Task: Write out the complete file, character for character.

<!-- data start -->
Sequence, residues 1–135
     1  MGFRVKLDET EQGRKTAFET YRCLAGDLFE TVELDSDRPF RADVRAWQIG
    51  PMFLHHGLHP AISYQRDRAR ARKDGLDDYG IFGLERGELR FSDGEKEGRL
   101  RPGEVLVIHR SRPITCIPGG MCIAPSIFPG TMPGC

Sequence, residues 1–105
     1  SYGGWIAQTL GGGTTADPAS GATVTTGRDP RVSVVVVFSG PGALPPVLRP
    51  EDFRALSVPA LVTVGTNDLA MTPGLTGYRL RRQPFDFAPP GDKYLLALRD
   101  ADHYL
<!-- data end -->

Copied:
Sequence, residues 1–135
     1  MGFRVKLDET EQGRKTAFET YRCLAGDLFE TVELDSDRPF RADVRAWQIG
    51  PMFLHHGLHP AISYQRDRAR ARKDGLDDYG IFGLERGELR FSDGEKEGRL
   101  RPGEVLVIHR SRPITCIPGG MCIAPSIFPG TMPGC

Sequence, residues 1–105
     1  SYGGWIAQTL GGGTTADPAS GATVTTGRDP RVSVVVVFSG PGALPPVLRP
    51  EDFRALSVPA LVTVGTNDLA MTPGLTGYRL RRQPFDFAPP GDKYLLALRD
   101  ADHYL